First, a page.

Forbidden Archeology of Consciousness
Mikael Kindborg, Oct 14, 2021
We can observe what the peoples of the past created in the form of ancient cities, buildings, artefacts, and depictions. But would it also be possible to get a glimpse of their consciousness, and observe aspects of their minds?
This article is intended to be an introduction to the idea of using unconventional methods for exploring the mystery of prehistoric shamanic practices, with the objective of studying ancient consciousness.
We can tell from rock paintings and other sources, like ancient myths, that the spiritual connection had a central role in the lives of our ancestors. Various forms of shamans are a common motif found in cave art. Frequently, they are depicted with animal attributes, which tells us something about their relationship to nature.
Today, there are different understandings of what having a "spiritual connection" means. Some call it superstition, or think of it as holding a religious belief. Others view the spiritual connection as being in harmony with nature and with our existence.
But what might spirituality have meant for the ancients who lived in prehistoric times? What did it mean for the people who built Göbleki Tepe? And even before that?
In South America, and in many other parts of the world, there are remains of ancient shamanic traditions that are still being practiced. What can we learn from such practices?
When participating in a shamanic ceremony, it can indeed feel like being transported back in time. Can a participatory ethnographic approach help us form an understanding of ancient human consciousness? And can it help us to discover states of mind that are largely unknown to us, long lost in the passages of time?
It seems unlikely that we will ever know for sure. That is, to "know" in the way we are trained to think about what knowing means.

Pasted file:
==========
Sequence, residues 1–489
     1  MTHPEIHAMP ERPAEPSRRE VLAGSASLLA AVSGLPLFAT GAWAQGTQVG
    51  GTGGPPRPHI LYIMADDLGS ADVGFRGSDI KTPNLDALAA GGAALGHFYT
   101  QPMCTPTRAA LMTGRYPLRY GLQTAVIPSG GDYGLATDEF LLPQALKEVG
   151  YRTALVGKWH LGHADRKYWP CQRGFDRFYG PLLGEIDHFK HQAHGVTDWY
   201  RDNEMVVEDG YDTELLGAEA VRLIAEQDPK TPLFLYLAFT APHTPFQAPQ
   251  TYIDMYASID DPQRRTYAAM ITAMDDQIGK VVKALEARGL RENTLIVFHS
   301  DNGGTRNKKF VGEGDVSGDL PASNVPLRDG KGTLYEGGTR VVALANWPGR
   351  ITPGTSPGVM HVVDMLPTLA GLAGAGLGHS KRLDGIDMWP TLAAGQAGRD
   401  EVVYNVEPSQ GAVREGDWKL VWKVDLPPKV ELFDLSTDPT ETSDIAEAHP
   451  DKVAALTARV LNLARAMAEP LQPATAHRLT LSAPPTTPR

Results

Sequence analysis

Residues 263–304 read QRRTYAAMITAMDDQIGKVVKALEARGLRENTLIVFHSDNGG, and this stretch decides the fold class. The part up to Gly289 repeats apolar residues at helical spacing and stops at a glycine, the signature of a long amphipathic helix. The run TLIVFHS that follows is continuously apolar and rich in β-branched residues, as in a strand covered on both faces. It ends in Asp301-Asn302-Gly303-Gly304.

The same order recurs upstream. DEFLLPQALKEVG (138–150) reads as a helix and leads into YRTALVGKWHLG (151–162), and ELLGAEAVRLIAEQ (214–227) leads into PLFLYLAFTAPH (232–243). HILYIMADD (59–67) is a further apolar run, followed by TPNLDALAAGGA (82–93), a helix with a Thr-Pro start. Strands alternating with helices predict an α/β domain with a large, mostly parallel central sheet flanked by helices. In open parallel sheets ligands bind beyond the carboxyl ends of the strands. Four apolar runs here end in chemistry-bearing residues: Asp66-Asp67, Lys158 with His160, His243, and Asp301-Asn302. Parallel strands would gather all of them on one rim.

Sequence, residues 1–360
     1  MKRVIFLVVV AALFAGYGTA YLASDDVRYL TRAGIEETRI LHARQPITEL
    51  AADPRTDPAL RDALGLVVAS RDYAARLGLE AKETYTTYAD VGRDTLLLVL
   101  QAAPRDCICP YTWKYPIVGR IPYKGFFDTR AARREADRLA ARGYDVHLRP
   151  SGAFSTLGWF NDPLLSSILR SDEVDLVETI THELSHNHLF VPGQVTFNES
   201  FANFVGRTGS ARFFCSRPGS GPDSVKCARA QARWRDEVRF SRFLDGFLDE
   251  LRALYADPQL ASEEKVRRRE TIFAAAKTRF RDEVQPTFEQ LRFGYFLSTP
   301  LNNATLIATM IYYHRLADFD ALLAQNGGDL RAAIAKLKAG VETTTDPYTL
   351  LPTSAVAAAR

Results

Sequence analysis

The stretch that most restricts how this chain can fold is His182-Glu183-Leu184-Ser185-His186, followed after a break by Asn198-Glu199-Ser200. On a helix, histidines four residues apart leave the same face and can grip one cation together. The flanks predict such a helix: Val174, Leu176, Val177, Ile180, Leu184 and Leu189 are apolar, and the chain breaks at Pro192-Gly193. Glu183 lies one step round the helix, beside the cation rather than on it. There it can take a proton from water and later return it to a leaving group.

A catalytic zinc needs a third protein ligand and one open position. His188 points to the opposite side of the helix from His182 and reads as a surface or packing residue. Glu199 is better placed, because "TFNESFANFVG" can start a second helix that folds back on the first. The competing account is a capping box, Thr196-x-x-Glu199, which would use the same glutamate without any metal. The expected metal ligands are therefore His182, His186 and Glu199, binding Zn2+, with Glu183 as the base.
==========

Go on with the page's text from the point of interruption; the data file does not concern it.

In our society, we are used to consider mainly (if not only) "hard facts" as evidence. Physical archeological findings hold far more weight than myths and legends. And experiences reported by people are quickly dismissed as subjective and speculative. Most of us automatically explain away shamanic contact with the spiritual realm as simply being an hallucinatory episode.
We suggest that by investigating experiences such as those formed during shamanic practices, we are allowing ourselves to enter new territories of exploration. A realm of discovery where experience is considered as evidence.
My colleague Gösta Lindwall has created the following illustration that depicts a woman participating in a shamanic retreat. She is meditating together with the other participants, connecting to the consciousness of her existence and the surrounding elements. Or is she meditating together with the spirits of her ancient ancestors - transported back in time - getting a glimpse of their consciousness?
Understanding human consciousness is considered fundamental by multiple alternative researchers and scholars. Graham Hancock has pointed out on multiple occasions that modern humans have lost their connection to the spiritual world. An important source for the research of ancient consciousness is Michael Cremo, who we will return to in an upcoming article.
We propose that archeology should expand its view, and not be exclusively focused on the matterium. Likely, it is not possible to solve the mystery of prehistoric civilizations unless we also understand consciousness.